Why?Youve covered games where some of you havent played it already,and with this one you have played it,just a while ago.You can easily watch a quick lets play just to refresh your memory.

    1. 4th Dimension says:

      Probably because others haven’t played it and since he hasn’t played it his commentary would descend into pointless trolling of Josh. Also while I do adore ME, I don’t think there is anything in it past it’s interesting visuals and the gameplay and so it’s unlikely there would be enough to discuss for an entire season. On the gripping hand, if you know what you are doing, and if you put it on easy (difficulty only affects the damage enemies do) it is a rather short game.

      1. Hermocrates says:

        difficulty only affects the damage enemies do

        It also forces Runner Vision to off, but if you’re playing again after recently beating it, it’s hardly a handicap.

        1. 4th Dimension says:

          Bud only on HIGH difficulty I think and only crazy people play on that.

          1. Hermocrates says:

            Right, I meant high difficulty. Thanks for the clarification.

    2. Shamus says:

      Right, but having never played it at all, fans would “YOU CAN’T SAY THAT BECAUSE YOU DIDN’T PLAY THROUGH THE WHOLE THING!” me to death.

      This is particularly important because my comments would be mostly negative. I’d HAVE to play Mirrors Edge if I wanted to dump on it for several hours.

      1. Flip says:

        Several hours?

        You can finish the game in single evening (faster if you know the way – this is a jump ‘n’ run after all).

      2. Hermocrates says:

        If you’re not already a fan of the game, then honestly I think you’d be more bored than negative for most of it. There are only so many things to say about the platforming and the combat, especially if you only have watching Josh (or any other player) to go by. And a bored Spoiler Warning cast is probably the last thing any of us would want, if Alan Wake is something to go by (although I did enjoy the wildly off-topic conversations at the time).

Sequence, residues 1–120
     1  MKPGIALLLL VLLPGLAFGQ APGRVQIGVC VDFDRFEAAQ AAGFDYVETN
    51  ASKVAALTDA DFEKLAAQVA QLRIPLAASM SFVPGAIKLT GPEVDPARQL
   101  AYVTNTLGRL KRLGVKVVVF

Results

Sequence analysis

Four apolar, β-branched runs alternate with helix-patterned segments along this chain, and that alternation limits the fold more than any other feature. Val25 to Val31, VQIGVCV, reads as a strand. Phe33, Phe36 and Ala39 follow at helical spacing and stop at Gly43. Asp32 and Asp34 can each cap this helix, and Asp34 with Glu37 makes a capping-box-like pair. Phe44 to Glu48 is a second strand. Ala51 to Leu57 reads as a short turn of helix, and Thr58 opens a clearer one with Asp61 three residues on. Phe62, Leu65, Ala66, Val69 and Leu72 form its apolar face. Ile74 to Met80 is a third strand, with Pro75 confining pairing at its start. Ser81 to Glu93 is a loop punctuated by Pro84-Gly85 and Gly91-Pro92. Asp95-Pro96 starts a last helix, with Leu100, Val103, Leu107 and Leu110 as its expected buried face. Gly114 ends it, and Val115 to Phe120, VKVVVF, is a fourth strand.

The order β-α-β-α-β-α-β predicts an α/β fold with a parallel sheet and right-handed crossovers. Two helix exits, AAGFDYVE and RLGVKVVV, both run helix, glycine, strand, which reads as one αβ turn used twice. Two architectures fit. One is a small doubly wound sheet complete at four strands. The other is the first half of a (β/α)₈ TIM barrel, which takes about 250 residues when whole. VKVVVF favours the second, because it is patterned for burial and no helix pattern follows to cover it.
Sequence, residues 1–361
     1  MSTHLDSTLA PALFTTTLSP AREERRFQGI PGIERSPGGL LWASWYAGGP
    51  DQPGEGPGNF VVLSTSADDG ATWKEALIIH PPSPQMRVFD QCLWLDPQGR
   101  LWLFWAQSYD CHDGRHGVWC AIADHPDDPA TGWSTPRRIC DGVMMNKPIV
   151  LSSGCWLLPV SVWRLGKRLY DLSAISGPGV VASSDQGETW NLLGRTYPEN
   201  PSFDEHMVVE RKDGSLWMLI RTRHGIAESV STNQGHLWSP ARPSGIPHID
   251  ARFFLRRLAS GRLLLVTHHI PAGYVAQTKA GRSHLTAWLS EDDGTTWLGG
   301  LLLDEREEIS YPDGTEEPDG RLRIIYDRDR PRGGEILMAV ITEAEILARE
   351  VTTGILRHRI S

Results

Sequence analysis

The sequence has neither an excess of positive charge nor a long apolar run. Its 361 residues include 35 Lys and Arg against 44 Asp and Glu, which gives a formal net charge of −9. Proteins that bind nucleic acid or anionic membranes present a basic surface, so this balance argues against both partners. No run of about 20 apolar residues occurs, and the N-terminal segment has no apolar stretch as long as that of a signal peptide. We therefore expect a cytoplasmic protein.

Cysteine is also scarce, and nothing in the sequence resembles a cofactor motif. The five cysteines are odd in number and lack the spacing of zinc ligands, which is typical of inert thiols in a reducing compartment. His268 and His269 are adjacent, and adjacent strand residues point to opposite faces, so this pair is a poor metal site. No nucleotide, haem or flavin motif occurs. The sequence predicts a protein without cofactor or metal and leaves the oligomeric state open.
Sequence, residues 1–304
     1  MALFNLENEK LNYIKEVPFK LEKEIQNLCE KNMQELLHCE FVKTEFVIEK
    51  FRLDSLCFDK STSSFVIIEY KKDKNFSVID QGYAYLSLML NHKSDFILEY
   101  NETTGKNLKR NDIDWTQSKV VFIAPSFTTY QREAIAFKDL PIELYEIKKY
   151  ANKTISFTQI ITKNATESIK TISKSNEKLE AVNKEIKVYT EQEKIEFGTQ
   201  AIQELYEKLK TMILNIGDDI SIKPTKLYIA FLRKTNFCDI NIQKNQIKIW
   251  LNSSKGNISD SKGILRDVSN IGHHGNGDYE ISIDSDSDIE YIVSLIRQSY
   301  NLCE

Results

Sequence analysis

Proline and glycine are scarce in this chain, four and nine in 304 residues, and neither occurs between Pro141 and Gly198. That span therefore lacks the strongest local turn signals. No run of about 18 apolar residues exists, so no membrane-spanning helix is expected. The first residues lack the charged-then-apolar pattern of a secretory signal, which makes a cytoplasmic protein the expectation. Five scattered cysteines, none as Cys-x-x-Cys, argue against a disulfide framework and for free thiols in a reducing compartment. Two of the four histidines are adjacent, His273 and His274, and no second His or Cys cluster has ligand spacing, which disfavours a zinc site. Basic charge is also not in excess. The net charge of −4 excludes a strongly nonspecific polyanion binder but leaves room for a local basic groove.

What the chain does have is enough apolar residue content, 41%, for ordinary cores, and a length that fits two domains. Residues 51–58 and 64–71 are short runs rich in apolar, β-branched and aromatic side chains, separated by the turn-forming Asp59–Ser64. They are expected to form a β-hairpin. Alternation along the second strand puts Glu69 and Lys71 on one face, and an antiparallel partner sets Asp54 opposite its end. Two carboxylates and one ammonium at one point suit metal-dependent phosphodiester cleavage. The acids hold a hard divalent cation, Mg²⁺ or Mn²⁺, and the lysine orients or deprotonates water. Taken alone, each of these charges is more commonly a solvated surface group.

1. Gruhunchously says:

          But on the other hand, as has been pointed out, the game is really short if you know the levels. You could probably fit the entire thing into a one-week special. I’d wouldn’t think there would be much risk of the commentary running dry before it was over.

          1. 4th Dimension says:

            It wouldn’t be possible for them to finish it in one week. In this video Josh played for like 1,5 to 2 hours and he still got only like 1/3 of the way in? Also later levels have some more “interesting” moves that need to be performed, so all in all it would take them ~6-8 hours I think. And that is waaaayyy more than one week of videos. Also if nobody except Josh played it and Shamus participated most of the discussion past the first hour or so would be offtoppic.

            1. Flip says:

              To be fair, this was with the Steam Controller. I imagine they would be faster with M+K or a normal Controller.

              1. 4th Dimension says:

                I don’t remember Josh having much trouble in this even with the SteamTroller. It would be quicker but not significantly qoucker. Also there would be quite a it of screwing around since SW is rarely a speedrun attempt.

      3. AileTheAlien says:

        Shamus, I think you could get most of the experience of playing the game, by just playing the demo level, the training course / tutorial thing, and then just watching the cutscenes online somewhere. Really, that should cover all of the good mechanics, skip the boring / tedious ones (aka combat, especially against guys who are immune to your melee and thus require you to pick up guns), and would let you see all the problems with the story that we ended up with in the cutscenes. Especially since YouTube allows watching stuff in fast-forward (you need to use the HTML5 version, not the old flash player), I think you could get through this in like, a couple hours at most. :)